Pesticide methoxychlor has been associated with three generations of disease
Concerns about potential health hazards from exposure to pesticides appear to have underestimated the serious nature of this problem. Considerations about possible neurological and other damage from such exposure has not generally taken into account the possibility of such damage crossing over from one generation to the next. Research has now uncovered evidence of an association of pesticide exposure to problems across generations.
Methoxychlor has the potential to promote epigenetic inheritance
Researchers have determined that environmental compounds can promote the epigenetic inheritance of adult-onset disease in future generation progeny in the aftermath of ancestral exposure during the critical period of fetal gonadal sex determination. These compounds include:
This study opened up an examination of the actions of the pesticide methoxychlor in order to promote the epigenetic transgenerational inheritance of adult-onset disease reported the journal PLOS One. This research was done on rats. Observations indicated that the pesticide methoxychlor has the potential to promote the epigenetic inheritance of disease.
Ancestral exposures to methoxychlor can lead to disease in new generations
The researchers say ancestral exposures to the pesticide methoxychlor have the potential to lead to adult onset kidney disease, ovarian disease and obesity in new generations reports Washington State University. Michael Skinner, Washington State University professor and founder of its Center for Reproductive Biology, says what your great-grandmother was exposed to during pregnancy, such as the pesticide methoxychlor, may promote a significant increase in your susceptibility to develop disease. Than even in the absence of any continued exposure you will pass this on to your grandchildren.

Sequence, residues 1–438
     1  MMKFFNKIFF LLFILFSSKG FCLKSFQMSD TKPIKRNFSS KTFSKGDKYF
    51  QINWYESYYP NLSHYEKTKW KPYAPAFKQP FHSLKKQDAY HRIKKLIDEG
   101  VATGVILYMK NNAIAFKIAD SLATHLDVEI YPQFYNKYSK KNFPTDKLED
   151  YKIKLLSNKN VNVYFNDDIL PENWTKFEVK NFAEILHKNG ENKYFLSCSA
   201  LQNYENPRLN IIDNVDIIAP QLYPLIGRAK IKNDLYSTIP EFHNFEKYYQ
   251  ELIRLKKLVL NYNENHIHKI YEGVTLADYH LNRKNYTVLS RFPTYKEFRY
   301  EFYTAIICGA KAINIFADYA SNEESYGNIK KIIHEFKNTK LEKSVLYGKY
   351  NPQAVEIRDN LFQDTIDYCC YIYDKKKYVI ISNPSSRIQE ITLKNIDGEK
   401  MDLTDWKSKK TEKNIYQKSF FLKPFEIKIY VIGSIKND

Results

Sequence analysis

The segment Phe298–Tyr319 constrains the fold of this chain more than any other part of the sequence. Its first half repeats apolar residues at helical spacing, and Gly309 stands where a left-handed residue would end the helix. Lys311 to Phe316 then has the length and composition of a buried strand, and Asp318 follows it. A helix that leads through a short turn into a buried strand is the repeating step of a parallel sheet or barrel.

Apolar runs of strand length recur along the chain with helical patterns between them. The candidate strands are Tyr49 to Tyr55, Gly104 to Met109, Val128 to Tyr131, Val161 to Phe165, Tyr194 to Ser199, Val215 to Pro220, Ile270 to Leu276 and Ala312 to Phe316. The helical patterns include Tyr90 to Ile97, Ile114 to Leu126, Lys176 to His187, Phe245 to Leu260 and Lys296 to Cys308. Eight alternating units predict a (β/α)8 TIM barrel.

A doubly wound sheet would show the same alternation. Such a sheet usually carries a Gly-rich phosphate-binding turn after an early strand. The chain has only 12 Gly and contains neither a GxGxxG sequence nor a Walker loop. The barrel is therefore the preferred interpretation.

Methoxychlor may be affecting how genes are turned on and off
Methoxychlor is also known as Chemform, Methoxo, Metox or Moxi. This agent was introduced in 1948 and was widely used during the 1970s as a potentially safer replacement agent for DDT. Methoxychlor was used on crops, ornamental plants, pets and livestock. Although this agent was banned in the U.S. in 2003 due to its toxicity and its ability to disrupt endocrine systems, it is still used widely in many countries across the world. It is believed by the researchers the pesticide may be affecting how genes are turned on and off in the progeny of animals exposed to it even though its DNA and gene sequences remain unchanged. Clearly, greater caution than ever should be taken in dealing with methoxychlor and similar agents.